CHICAGO -- Joe Sheetz officially accepted the job of chairman onstage at the NACS Show in Chicago on Oct. 20, emphasizing family roots in the channel, evolution of a culture that supports both employees and customers, and a focus on community, which has also been championed by previous general-session speakers.
At the last general session of the four-day conference, Sheetz accepted the position from outgoing chairman, independent retailer Rahim Budhwani, CEO of 6040 LLC, Hoover, Ala., with the symbolic passing of a small wooden gavel.
Sheetz, currently the president and CEO of 530-store Sheetz Inc., Altoona, Pa., said today’s convenience store is “a place that makes that part of [a customer’s] day better.”
He described the equal importance of labor issues and changing notions of what convenience means. With regards to workers, Sheetz said the industry faces challenges of finding and retaining ideal employees—people with the desire to serve customers and carry on an open, friendly culture. At Sheetz, he said, timing is everything. Often a qualified applicant comes in when no jobs are available. The company keeps in touch with the applicant, sending out alerts when openings occur.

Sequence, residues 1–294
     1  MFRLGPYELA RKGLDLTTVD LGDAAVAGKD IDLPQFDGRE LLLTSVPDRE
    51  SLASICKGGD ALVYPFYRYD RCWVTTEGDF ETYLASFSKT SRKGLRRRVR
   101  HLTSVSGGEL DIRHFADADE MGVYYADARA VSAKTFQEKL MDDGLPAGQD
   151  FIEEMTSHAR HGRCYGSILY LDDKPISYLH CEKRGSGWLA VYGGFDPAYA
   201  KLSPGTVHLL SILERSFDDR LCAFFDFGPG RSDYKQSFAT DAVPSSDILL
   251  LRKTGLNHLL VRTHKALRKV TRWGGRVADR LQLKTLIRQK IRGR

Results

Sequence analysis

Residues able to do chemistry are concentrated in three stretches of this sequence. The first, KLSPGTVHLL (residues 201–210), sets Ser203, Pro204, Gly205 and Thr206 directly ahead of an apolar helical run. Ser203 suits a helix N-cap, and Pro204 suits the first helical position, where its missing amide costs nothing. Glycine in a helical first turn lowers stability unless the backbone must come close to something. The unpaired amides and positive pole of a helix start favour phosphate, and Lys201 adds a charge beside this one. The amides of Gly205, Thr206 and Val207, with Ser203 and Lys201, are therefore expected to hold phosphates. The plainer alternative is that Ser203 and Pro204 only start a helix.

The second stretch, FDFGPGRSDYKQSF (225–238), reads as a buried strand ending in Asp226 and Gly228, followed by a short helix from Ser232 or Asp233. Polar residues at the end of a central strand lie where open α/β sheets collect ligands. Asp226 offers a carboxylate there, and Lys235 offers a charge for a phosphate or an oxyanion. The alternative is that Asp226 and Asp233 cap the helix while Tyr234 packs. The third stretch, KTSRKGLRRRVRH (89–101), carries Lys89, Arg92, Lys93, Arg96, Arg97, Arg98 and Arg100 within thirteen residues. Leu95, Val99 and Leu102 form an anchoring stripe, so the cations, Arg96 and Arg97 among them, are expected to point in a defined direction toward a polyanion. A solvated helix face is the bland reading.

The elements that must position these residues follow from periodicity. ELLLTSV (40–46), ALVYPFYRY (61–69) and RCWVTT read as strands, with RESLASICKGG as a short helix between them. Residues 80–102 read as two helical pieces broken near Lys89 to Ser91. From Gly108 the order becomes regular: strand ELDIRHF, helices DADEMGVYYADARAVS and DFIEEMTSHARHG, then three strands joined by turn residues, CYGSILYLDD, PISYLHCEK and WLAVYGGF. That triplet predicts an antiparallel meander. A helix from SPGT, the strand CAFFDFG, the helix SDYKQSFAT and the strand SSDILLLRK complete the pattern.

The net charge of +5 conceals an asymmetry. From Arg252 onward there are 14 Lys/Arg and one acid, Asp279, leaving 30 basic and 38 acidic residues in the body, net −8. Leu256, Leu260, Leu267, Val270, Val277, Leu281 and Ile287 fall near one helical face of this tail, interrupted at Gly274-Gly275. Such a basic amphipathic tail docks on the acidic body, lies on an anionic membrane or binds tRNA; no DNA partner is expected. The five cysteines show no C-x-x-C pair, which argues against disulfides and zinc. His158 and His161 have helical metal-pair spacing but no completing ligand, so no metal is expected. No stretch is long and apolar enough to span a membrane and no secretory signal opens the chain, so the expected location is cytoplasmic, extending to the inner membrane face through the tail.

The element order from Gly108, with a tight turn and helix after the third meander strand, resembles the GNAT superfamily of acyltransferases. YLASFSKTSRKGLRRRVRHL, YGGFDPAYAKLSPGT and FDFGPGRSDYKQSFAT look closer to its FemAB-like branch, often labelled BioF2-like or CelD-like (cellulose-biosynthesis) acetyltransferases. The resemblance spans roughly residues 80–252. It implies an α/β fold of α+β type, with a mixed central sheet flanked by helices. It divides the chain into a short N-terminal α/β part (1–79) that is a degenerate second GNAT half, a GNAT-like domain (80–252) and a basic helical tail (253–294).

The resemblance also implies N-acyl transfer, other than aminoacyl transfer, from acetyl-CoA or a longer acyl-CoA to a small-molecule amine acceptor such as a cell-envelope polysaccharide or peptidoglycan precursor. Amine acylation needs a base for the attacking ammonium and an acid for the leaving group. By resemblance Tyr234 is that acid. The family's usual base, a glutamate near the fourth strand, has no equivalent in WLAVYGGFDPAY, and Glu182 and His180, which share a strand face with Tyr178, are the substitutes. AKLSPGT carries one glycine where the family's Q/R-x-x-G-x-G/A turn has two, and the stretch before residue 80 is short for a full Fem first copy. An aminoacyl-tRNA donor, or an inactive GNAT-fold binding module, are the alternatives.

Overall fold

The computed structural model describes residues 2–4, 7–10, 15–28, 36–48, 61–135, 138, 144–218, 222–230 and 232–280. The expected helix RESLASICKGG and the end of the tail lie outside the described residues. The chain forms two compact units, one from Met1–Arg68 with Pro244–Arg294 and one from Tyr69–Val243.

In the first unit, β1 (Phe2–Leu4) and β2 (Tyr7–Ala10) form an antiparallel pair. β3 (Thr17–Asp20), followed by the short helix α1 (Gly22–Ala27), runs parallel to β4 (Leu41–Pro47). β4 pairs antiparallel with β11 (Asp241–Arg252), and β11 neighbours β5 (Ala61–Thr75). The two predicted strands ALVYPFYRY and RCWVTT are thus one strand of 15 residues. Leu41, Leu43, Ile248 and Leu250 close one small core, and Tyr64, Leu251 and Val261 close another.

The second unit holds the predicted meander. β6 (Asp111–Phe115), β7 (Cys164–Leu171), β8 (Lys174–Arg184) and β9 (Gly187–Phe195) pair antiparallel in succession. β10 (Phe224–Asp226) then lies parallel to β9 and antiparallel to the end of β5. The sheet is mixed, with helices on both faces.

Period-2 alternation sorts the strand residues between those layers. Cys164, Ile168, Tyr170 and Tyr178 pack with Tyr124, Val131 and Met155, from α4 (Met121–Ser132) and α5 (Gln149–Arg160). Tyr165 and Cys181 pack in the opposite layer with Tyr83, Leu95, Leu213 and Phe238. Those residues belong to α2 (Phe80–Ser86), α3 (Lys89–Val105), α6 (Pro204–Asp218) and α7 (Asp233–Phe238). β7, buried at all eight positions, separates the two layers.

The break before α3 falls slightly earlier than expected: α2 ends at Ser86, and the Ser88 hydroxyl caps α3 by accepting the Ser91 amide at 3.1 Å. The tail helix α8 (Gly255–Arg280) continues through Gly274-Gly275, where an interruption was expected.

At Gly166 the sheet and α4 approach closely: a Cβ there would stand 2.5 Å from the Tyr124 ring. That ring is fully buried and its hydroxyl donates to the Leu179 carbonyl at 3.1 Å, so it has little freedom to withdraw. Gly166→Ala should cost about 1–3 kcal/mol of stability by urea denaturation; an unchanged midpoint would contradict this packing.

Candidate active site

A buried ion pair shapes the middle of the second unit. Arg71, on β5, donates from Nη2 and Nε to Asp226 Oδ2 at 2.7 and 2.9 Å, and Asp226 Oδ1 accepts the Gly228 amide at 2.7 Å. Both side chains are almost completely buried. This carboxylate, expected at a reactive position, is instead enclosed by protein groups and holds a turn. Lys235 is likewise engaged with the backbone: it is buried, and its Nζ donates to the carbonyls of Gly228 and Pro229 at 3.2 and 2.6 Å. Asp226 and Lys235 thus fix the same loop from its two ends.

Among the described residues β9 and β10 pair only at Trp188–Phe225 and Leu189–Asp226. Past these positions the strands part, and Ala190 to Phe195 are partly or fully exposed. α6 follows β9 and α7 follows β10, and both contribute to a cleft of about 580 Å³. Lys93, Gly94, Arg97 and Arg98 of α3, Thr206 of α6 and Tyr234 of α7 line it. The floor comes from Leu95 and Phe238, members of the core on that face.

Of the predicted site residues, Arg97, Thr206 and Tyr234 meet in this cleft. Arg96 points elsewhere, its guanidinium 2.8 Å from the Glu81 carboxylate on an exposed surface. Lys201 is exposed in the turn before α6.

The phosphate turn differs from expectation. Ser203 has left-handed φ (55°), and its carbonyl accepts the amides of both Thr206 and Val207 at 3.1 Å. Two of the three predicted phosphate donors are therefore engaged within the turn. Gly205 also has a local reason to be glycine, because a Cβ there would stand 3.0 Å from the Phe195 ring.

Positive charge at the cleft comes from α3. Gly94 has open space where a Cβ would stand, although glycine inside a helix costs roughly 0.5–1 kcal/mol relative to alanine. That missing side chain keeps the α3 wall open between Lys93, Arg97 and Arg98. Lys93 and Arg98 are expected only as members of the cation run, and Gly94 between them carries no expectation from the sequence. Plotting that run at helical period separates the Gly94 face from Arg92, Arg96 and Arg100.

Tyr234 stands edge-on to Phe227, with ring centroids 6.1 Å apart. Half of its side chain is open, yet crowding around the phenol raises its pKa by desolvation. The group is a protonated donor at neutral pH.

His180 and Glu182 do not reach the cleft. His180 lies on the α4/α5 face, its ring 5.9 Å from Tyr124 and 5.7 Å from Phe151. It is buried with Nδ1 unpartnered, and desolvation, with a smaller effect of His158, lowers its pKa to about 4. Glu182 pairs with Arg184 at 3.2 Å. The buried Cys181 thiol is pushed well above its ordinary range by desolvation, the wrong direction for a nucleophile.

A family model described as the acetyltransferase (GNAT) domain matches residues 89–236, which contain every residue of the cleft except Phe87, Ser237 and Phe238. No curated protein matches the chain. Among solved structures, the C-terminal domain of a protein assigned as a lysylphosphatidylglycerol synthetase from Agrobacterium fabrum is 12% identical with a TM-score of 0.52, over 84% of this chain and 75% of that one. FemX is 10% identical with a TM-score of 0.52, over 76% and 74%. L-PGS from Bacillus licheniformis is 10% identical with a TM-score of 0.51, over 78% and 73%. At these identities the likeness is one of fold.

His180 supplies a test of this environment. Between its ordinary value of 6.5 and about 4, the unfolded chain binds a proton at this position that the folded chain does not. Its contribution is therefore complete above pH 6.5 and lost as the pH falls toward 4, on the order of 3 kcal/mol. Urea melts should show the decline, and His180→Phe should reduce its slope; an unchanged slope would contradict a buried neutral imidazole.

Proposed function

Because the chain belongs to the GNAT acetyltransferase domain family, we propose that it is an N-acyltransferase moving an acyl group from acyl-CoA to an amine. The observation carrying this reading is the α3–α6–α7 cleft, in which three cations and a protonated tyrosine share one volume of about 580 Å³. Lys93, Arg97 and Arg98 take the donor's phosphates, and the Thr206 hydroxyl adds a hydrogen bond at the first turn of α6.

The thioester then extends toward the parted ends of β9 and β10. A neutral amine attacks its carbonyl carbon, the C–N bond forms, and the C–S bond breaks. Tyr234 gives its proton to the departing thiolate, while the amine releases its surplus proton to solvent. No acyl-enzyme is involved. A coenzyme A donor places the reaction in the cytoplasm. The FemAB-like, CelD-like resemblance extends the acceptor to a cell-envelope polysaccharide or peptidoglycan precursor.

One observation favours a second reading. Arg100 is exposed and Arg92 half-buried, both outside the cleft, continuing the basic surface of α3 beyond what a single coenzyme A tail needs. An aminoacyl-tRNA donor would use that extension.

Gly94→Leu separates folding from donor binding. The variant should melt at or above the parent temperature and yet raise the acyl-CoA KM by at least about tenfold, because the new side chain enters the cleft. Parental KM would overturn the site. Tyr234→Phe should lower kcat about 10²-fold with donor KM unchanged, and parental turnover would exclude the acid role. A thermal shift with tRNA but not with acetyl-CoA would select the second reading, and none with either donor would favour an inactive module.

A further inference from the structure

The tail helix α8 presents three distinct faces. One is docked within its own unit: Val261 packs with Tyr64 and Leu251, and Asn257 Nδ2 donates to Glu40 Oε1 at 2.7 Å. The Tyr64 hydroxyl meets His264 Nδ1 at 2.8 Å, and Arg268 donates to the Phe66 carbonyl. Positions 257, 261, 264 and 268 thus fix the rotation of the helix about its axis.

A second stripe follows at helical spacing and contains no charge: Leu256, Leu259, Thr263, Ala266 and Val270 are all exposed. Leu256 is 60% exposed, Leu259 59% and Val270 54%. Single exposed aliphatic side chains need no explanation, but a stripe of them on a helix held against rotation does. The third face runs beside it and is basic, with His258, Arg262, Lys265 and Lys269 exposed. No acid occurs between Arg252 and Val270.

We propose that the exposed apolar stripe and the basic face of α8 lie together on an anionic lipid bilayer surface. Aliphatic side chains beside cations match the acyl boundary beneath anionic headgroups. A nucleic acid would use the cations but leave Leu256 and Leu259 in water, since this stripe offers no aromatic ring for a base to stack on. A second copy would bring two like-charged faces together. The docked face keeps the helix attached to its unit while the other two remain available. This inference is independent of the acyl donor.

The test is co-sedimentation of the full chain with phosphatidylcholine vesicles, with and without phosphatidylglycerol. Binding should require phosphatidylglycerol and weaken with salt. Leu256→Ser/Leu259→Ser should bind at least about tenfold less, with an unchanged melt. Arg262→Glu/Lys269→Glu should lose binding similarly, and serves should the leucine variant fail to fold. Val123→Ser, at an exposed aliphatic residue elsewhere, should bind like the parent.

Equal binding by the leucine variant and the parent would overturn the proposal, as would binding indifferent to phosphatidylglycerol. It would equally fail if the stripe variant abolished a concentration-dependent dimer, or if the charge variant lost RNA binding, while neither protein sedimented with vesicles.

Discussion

As for the customers, Sheetz said not all customers want to get in and get out. Some want a place to slow down, order food and eat in a comfortable environment. At the same time, Silicon Valley disruptors are redefining convenience, offering home-delivered c-store products with the click of a button. At Sheetz, he said, they’re always talking about the “business that will put Sheetz, as we know it today, out of business.”
Sheetz also reviewed the history behind his own family business. Going back three generations, the company began as a dairy, where home delivery was central—a harbinger of today’s home-delivery craze. He spoke about living above the first Sheetz convenience store and how it eventually grew as a c-store chain into a formidable gasoline retailer.
Turning to community-building, Sheetz spoke of the company's charity, Sheetz for the Kidz, which delivers toys and clothes to needy families during the holidays. He mentioned that as an industry, c-store retailers raise $990 million annually, indicating to the several thousand NACS attendees at the session, “No industry is more grounded in communities than we are.”